1. Saddler, Delores MSN, RN, CGRN, Department Editor

Article Content

A Comparison of Quantitative and Qualitative Research Terms

The March/April edition of the SGNA News includes an article highlighting a qualitative research study conducted to obtain information on the latest technology and practices of gastrointestinal (GI) and endoscopy professionals (Wallace, 2007). This research study took place at the May 2006 meeting in San Antonio, TX, and included data from eight focus groups and 49 one-on-one informal interviews with vendors and attendees. The eight focus groups had an average of 6 participants engaged in a 1-hour group discussion. Each person in the one-on-one group participated in a 5-minute interview conducted in the exhibit hall. Participants included administrators, nurse managers, staff nurses, technicians, or SGNA nonmembers. All research participants were asked a series of questions related to current practices, equipment use, key industry challenges, and predicted future technology trends.


A qualitative research method is typical of the kind used in the report indicated above. This research method involves obtaining information and looking for common themes or ideas. Recurring themes from the SGNA study (Wallace, 2007), indicating current issues in GI practice were as follows: (a) keeping up with technology and competencies, (b) increasing offerings of advanced educational courses, (c) raising the level of respect for GI/endoscopy nursing in the field, (d) resolving the role of the associated and unlicensed assistive personnel, and (e) delineating GI professional roles. On the basis of the information gathered, solutions to resolve these challenges will be identified by the research team for implementation by SGNA.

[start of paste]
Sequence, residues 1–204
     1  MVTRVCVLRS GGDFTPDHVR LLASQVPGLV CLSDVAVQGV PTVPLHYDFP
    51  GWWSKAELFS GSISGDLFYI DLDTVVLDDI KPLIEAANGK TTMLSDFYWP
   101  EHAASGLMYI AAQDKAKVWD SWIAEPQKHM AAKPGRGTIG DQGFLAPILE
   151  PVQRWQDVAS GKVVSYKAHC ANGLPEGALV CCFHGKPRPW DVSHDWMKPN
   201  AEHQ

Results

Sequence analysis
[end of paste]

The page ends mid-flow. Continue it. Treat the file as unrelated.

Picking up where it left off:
Some people consider qualitative research as less valuable than the traditional quantitative method; however, the method used is totally up to the researcher and the purpose of the study. Both qualitative and quantitative research methods contribute to the body of knowledge.


Qualitative research is focused simply on "qualifying" information by exploring a topic from the perspective of knowledgeable informants. This approach makes a simple statement about the topic of investigation and treats participants as holistic beings. Quantitative research, conversely, quantifies data by using numbers and statistics. This approach identifies "how much," "differences between variables," and "how variables are associated." It uses objective measures and is very specific. The quantitative method may answer only one dimension of an issue and is often very focused on one aspect of knowledge.